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What do you think about these links? Informative? Thought-provoking?

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Fractional Reserve Banking – The Problems [ISEE recap 2]

all you have to know.

all you have to know.

When Dan O’Neill came to the required reforms of the banking system in his ISEE key note (which I resumed here), and used this image on his slide, I had never heard of the term ‘fractional reserve banking’. But if there is a cat meme on the topic, it is clearly a topic worth looking into, right?

Cue me going down the rabbit hole of trying to understand the way our current money system works, with the very valuable help of the guys at Positive Money. One caveat right away – the peeps explaining the system have focused on the UK, so there might be minor differences when looking at the EU or the USA, though Wikipedia tells me that fractional reserve banking is the current form of banking practiced in all countries worldwide.

If you have 2 hours at your hands, I would really recommend watching the video tutorial that Positive Money has made, it explains the whole issue much better than I will be able to picture here. But if you want a sneak peek in the problem and some of the solutions talked about at the conference… Read on!

Basically, think about how you imagine banks work. What happens when you walk up to a bank and deposit $100 of your hard-earned money?

a) They keep it in a big vault and wait for you to come and reclaim it.

This is actually how I used to imagine what happens behind closed bank doors. Image via Helmut Hirner, all rights reserved.

This is actually how I used to imagine what happens behind closed bank doors. Image via Helmut Hirner, all rights reserved.

b) They keep a certain percentage of it safe and lend the rest out to somebody who wants to loan money against an interest rate.

c) They take it, use it according to their best idea of what to do with it, and treat your deposit basically as an IOU (a requirement to repay you at some point) that they don’t necessarily have to be able to honor right now.

Decided? Read about the right answer after the jump!

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Extreme Baby Carrots – Will It Work?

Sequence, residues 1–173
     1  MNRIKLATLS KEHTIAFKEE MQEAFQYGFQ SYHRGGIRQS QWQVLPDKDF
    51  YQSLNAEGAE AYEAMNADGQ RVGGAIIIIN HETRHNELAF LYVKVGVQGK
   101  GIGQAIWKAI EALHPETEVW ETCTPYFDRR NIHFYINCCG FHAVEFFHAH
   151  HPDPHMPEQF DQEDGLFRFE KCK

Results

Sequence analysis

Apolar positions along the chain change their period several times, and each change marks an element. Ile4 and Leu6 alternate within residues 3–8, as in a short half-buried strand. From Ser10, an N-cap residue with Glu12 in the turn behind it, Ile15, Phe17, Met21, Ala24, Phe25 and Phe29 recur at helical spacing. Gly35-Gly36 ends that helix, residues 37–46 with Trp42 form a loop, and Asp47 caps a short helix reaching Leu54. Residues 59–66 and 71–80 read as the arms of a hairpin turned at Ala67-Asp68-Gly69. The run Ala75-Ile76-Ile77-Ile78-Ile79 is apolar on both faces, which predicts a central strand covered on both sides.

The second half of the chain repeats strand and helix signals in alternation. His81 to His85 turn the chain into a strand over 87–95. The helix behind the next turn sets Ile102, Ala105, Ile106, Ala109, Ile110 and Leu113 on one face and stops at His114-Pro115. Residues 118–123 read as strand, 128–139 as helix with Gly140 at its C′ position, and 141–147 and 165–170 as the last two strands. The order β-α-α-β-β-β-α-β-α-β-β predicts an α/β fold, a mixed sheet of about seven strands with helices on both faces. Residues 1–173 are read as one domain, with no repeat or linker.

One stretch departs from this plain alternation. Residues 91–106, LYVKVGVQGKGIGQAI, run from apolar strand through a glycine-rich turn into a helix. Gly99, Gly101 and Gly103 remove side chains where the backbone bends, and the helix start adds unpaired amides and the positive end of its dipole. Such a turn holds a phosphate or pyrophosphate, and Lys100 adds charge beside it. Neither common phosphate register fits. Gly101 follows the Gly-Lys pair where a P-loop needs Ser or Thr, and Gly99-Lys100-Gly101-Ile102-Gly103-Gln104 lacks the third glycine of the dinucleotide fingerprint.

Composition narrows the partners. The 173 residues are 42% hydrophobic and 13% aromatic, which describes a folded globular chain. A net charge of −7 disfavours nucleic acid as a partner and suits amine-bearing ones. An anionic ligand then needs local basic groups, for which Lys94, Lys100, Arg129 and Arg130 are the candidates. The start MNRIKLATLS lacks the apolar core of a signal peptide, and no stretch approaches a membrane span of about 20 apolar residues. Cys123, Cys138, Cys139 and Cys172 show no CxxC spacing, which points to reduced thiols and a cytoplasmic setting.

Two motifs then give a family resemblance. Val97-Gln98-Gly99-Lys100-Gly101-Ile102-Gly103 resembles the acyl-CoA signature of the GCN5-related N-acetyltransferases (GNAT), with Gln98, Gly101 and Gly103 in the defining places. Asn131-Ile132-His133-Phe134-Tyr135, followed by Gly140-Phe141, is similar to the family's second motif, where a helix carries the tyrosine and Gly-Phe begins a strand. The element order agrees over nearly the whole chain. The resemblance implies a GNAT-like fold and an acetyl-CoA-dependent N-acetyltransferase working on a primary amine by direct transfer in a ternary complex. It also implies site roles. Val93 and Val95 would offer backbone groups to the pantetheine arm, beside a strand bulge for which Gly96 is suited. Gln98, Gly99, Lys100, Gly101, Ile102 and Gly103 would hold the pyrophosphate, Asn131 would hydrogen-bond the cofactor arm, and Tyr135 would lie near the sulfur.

Ok. Before you do anything else or read on – watch this video:

How does it make you feel? Like baby carrots are the next cool thing to eat? Like an intense snack that will make you just as hip as the people in the commercial?

I was reading an NPR article on grocery stores like Giant Eagle and Walmart testing a concept that markets snack-sized fruit and vegetables like junk food in order to get more kids (and, I guess, adults) to eat it.

Besides the extreeeeme video, the campaign also features new products: pureed fruit tubes that kids can suck on, all-fruit smoothies, and ‘shake downs’ which are bags of baby carrots (you know it) with cheeto-style seasoning powders that will stick to your hands just like that other orange dust will.

Shake down flavors include salsa, chili-and-lime and ranch.

Shake down flavors include salsa, chili-and-lime and ranch.

Along the vein of the broccoli marketing campaign we talked about earlier, this is an attempt to bring traditional marketing methods over to the produce aisle – except this time, it’s for real!

But will it work? How easy is it to change the image of a product?

Personally, the ad video left me a little underwhelmed – it’s so over the top it seems to be a parody of ‘let’s try to make a vegetable look hip’. But then again, I just read another article that was talking about advertizing to children and teenagers and how it seems painfully obvious and over the top for adults, but that you have to let go of subtlety to reach your audience in that case. And it’s not as if the ads for games or other junk food are different – I guess the disguise is nearly too good because it fits in so well with the ads I despise.

I’m more convinced of the new formulations – the carrots with the flavorings and the slurpee-style smoothies. Those, I think, are super clever ways to reinvent what snack food looks and tastes like. (Not to poo-poo the party, but I’d like to see the ingredient list of those powders though and see what percentage of daily sodium content they would make up).